one can take cue from the agriculture sector of india, where the demand for farm produce is not commensurate with supply, to understand the jobs generation issue. on the supply side, the number of growers is high and this has resulted in glut in the market for such crops as wheat and sugarcane. by contrast, farmers who have wisely shifted towards alternative options, for example floriculture, are prospering in an otherwise distressed sector.
this is enough to understand what needs to be done in manufacturing and services sectors to generate jobs for the large number of youths entering the labourforce.
be it the conventional textile industry or telecom, the demand for their products has hit the wall. thus, these industries cannot be expected to generate the jobs needed in the economy. the information technology sector is not in similar distress and new engineers (with updated skills) are being recruited. this is owing to demand for new tech, including cloud, artificial intelligence and robotics, for which the supply side needs to produce more and for which more and more workers are required.
the government’s skill india scheme failed to take note of the fact that by skilling young Indians in conventional industries where the supply is already more than demand, we are only creating unemployable skilled youths. another area of pain is that even the demand cannot be boosted since new buyers are either jobless or underpaid.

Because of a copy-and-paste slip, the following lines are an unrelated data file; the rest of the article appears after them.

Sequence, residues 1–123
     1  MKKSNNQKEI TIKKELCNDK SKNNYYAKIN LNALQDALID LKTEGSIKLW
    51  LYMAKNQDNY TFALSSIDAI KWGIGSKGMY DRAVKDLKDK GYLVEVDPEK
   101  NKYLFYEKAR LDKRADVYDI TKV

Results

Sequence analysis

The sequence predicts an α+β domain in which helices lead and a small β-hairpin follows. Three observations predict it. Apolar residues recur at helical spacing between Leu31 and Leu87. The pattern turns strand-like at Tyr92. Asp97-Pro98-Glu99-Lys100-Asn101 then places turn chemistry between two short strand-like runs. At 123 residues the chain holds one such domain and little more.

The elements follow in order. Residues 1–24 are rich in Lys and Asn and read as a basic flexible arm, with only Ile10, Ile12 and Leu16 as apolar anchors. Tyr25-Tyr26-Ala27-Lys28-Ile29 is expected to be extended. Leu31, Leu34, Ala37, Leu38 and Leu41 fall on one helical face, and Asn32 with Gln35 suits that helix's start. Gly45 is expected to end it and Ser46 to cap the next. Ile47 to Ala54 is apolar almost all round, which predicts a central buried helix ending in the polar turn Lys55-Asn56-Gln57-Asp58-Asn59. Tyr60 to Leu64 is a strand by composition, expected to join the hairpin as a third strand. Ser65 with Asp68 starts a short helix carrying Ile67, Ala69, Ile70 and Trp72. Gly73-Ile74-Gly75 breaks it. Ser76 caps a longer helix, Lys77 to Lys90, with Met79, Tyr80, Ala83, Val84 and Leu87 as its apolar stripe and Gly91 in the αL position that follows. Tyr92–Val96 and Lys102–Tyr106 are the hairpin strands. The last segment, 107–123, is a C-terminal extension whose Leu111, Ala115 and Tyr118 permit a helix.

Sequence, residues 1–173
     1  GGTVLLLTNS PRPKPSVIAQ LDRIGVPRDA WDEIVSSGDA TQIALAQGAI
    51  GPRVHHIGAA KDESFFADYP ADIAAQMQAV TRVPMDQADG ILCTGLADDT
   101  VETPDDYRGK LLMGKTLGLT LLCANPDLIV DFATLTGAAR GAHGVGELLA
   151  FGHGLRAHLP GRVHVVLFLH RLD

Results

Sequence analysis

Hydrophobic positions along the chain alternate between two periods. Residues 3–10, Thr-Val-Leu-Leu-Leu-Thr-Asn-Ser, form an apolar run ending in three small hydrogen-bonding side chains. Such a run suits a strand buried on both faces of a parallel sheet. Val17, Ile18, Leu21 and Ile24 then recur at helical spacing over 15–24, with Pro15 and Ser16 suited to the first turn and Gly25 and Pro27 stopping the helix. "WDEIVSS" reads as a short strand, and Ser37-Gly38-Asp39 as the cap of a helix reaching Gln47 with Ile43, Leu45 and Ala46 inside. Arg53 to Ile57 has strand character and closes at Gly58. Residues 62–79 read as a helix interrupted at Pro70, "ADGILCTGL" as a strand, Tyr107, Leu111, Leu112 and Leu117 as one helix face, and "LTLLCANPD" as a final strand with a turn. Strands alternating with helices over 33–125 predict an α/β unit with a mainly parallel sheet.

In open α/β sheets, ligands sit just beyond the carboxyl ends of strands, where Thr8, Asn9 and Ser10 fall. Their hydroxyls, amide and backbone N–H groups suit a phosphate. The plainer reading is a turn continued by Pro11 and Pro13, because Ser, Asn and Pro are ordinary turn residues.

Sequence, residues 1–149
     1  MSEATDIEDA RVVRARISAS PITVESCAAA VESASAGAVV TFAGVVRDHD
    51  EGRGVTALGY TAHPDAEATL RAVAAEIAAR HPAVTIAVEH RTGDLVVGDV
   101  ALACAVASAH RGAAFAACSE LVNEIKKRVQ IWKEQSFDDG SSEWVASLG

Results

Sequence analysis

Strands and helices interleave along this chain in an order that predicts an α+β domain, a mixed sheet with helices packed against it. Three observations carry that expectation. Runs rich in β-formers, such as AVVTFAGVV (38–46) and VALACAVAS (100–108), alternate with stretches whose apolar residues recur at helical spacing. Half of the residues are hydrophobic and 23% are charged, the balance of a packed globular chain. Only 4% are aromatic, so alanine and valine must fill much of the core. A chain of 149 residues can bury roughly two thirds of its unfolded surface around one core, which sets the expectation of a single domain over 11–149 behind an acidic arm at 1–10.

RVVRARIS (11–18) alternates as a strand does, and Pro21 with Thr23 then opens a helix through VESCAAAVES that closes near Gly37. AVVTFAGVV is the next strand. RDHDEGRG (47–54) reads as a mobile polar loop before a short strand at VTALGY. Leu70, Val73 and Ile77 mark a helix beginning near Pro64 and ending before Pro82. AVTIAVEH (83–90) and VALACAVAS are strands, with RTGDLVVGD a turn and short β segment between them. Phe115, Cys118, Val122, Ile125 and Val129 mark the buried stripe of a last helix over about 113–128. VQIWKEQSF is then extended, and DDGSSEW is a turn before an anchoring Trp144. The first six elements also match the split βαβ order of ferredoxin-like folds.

for india to create new jobs, we need to closely study the supply and demand sides of all sectors of the economy. this study would reveal that unless we create an altogether new supply side, the dream to create jobs will remain as such. the country needs to invest heavily in emerging industries, for example cannabis (coca-cola has recently announced its plans to infuse cannabis in its beverages) and lithium-ion battery powered electric vehicles.
the underlying problem is that we are wasting our time and money in skilling the workforce keeping in mind traditional jobs and industries. this is exactly the same as is with the farm sector- the supply side is already outperforming the demand side. the best way to create jobs is to identify promising new industries, encourage setting up of new enterprises in these and skill youths with respect to these findings.